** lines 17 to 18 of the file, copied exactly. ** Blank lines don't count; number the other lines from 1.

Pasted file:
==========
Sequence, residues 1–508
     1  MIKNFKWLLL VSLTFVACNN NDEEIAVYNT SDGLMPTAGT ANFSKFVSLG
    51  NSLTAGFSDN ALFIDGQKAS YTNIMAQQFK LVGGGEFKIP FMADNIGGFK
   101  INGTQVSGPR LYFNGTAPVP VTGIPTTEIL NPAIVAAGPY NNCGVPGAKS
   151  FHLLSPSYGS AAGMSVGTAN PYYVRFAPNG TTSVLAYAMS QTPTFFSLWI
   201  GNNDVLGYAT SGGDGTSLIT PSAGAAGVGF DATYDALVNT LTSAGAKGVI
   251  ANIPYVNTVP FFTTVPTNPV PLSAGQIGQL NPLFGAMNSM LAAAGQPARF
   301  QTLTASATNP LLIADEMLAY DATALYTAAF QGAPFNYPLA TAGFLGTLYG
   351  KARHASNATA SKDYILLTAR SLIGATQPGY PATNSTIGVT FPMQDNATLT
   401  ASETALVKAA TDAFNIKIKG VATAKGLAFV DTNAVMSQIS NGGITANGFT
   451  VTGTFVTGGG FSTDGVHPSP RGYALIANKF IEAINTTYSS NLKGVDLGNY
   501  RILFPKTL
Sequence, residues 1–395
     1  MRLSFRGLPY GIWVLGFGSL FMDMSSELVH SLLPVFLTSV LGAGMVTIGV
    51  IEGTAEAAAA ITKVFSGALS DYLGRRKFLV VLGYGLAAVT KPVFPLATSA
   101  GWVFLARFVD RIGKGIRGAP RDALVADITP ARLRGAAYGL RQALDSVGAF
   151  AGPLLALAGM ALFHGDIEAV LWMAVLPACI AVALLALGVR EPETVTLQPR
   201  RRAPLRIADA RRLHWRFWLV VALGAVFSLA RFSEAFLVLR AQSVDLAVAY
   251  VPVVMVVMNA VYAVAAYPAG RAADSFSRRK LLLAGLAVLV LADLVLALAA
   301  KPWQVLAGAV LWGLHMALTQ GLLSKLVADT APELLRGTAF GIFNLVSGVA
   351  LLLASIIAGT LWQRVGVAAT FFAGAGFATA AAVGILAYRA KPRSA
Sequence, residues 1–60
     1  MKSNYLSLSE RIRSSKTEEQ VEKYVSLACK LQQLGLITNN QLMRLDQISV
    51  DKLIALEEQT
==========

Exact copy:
   151  AGPLLALAGM ALFHGDIEAV LWMAVLPACI AVALLALGVR EPETVTLQPR
   201  RRAPLRIADA RRLHWRFWLV VALGAVFSLA RFSEAFLVLR AQSVDLAVAY